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Auctions versus Negotiations in Procurement: An Empirical Analysis

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Listed:
  • Patrick Bajari
  • Robert McMillan
  • Steven Tadelis

Abstract

Revised October 2002 When should a buyer award a procurement contract through competitive bidding, and when would negotiating with the sellers be preferred? To shed some light on this question, we examine a unique data set of non-residential, private sector building contracts awarded in Northern California during the years 1995-2000. Our analysis suggests a number of limitations to the use of auctions, as compared to negotiations, that we believe are new to the literature. First, auctions perform poorly when projects are complex and contractual design is incomplete. Second, the benefits to auctions fall when the number of available bidders decreases. Third, auctions stifle communication between the buyer and the contractor, preventing the buyer from taking advantage of the contractor’s expertise when choosing how to design the project. Finally, auctions fail to protect the privacy of the buyer and involve increased administrative expenses and delay. Working Papers Index

Suggested Citation

  • Patrick Bajari & Robert McMillan & Steven Tadelis, "undated". "Auctions versus Negotiations in Procurement: An Empirical Analysis," Working Papers 02007, Stanford University, Department of Economics.
  • Handle: RePEc:wop:stanec:02007
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    File URL: http://www-econ.stanford.edu/faculty/workp/swp02007.pdf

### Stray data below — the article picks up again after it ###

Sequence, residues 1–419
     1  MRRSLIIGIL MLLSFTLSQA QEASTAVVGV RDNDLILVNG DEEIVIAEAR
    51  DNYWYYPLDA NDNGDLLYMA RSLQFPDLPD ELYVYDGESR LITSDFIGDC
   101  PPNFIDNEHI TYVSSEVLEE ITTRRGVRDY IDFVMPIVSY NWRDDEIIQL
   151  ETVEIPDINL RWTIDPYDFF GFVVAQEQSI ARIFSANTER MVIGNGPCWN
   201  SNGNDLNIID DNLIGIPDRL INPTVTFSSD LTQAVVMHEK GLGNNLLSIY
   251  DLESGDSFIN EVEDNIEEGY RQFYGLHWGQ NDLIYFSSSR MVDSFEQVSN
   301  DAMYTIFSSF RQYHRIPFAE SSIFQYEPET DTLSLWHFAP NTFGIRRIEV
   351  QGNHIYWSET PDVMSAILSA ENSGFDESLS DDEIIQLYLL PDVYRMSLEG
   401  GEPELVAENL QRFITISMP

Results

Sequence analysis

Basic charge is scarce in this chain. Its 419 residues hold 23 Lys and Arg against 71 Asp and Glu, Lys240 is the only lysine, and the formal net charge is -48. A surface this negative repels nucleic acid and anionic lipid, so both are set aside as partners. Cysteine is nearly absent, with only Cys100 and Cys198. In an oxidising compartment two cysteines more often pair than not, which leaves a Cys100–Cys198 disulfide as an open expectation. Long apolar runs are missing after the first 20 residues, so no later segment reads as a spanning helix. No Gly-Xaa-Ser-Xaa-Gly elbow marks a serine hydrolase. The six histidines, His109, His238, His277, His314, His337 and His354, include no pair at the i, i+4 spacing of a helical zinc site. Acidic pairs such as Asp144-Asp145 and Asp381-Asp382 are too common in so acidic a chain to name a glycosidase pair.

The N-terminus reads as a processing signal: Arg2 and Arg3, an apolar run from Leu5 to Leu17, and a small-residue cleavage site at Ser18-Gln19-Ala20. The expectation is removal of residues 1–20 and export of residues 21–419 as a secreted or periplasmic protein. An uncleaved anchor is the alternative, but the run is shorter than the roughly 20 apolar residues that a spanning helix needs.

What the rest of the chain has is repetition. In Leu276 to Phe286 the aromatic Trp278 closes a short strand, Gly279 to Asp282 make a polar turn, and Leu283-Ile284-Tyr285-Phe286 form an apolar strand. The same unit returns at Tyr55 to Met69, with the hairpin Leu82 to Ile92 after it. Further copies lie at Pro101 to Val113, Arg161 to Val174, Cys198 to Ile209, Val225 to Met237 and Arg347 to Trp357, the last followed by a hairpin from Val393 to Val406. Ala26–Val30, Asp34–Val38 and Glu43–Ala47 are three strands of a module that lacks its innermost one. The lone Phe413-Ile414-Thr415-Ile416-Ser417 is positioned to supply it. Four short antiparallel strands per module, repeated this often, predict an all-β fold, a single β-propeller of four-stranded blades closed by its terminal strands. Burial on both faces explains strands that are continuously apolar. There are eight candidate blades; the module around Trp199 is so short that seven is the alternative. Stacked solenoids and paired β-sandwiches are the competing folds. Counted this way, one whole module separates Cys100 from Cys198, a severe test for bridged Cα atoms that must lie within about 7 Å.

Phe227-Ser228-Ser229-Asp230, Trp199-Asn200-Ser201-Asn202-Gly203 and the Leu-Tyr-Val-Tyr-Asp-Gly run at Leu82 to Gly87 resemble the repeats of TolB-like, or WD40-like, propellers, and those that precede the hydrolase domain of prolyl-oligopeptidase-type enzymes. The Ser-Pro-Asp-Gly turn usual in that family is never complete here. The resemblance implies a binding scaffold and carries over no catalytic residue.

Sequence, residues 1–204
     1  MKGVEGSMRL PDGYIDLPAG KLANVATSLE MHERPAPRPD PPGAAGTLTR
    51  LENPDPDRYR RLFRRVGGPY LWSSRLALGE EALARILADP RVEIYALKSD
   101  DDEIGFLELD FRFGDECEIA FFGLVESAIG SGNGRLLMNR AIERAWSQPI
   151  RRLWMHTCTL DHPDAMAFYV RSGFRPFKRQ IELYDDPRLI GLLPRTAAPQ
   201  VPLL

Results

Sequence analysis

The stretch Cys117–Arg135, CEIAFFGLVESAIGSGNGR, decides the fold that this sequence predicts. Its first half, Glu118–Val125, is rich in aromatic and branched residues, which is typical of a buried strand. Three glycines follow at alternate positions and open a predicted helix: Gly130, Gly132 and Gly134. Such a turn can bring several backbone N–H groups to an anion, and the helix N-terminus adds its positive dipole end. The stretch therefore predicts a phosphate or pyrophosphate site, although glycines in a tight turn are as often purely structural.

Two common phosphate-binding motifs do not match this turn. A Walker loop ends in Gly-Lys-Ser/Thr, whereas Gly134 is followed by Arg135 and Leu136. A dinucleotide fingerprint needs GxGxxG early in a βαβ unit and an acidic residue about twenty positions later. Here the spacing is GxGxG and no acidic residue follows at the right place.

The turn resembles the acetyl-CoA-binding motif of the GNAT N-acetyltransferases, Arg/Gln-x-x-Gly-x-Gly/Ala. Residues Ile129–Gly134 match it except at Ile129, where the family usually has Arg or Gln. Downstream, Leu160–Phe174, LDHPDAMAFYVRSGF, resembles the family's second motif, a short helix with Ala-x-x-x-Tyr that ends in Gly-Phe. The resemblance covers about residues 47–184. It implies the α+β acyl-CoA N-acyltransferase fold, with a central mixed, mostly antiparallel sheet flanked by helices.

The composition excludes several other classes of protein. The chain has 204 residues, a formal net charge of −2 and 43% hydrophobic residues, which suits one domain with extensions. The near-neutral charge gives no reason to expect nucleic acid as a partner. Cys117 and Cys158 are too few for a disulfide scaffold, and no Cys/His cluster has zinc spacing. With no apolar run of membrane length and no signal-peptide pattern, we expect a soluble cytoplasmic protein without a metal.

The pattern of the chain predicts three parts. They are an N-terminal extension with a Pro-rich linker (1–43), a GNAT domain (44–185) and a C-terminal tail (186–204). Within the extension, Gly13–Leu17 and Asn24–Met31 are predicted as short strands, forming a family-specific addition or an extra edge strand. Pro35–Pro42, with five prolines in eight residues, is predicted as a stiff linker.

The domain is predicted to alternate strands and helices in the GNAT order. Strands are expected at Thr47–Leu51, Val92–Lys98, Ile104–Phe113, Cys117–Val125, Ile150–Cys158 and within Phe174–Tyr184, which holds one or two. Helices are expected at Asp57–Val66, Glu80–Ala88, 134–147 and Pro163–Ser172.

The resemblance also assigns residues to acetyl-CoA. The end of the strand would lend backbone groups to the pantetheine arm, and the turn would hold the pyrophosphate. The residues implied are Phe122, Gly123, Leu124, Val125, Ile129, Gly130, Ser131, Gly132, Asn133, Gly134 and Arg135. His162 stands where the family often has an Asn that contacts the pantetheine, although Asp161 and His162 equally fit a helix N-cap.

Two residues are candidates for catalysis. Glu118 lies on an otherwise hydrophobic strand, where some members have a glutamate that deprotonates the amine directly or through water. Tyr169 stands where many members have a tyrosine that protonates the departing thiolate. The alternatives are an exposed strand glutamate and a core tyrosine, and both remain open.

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    References listed on IDEAS

    as
    1. Bajari, Patrick & Tadelis, Steven, 2001. "Incentives versus Transaction Costs: A Theory of Procurement Contracts," RAND Journal of Economics, The RAND Corporation, vol. 32(3), pages 387-407, Autumn.
    2. Daniel A. Ackerberg & Maristella Botticini, 2002. "Endogenous Matching and the Empirical Determinants of Contract Form," Journal of Political Economy, University of Chicago Press, vol. 110(3), pages 564-591, June.
    3. Porter, Robert H, 1995. "The Role of Information in U.S. Offshore Oil and Gas Lease Auctions," Econometrica, Econometric Society, vol. 63(1), pages 1-27, January.
    4. William P. Rogerson, 1994. "Economic Incentives and the Defense Procurement Process," Journal of Economic Perspectives, American Economic Association, vol. 8(4), pages 65-90, Fall.
    5. Manelli, Alejandro M & Vincent, Daniel R, 1995. "Optimal Procurement Mechanisms," Econometrica, Econometric Society, vol. 63(3), pages 591-620, May.
    6. Milgrom, Paul & Shannon, Chris, 1994. "Monotone Comparative Statics," Econometrica, Econometric Society, vol. 62(1), pages 157-180, January.
    7. Patrick Bajari & Lixin Ye, 2001. "Competition Versus Collusion in Procurement Auctions: Identification and Testing," Working Papers 01001, Stanford University, Department of Economics.
    8. McAfee, R Preston & McMillan, John, 1987. "Auctions and Bidding," Journal of Economic Literature, American Economic Association, vol. 25(2), pages 699-738, June.
    9. Gary Chamberlain, 1980. "Analysis of Covariance with Qualitative Data," Review of Economic Studies, Oxford University Press, vol. 47(1), pages 225-238.
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    More about this item

    JEL classification:

    • L0 - Industrial Organization - - General
    • D23 - Microeconomics - - Production and Organizations - - - Organizational Behavior; Transaction Costs; Property Rights

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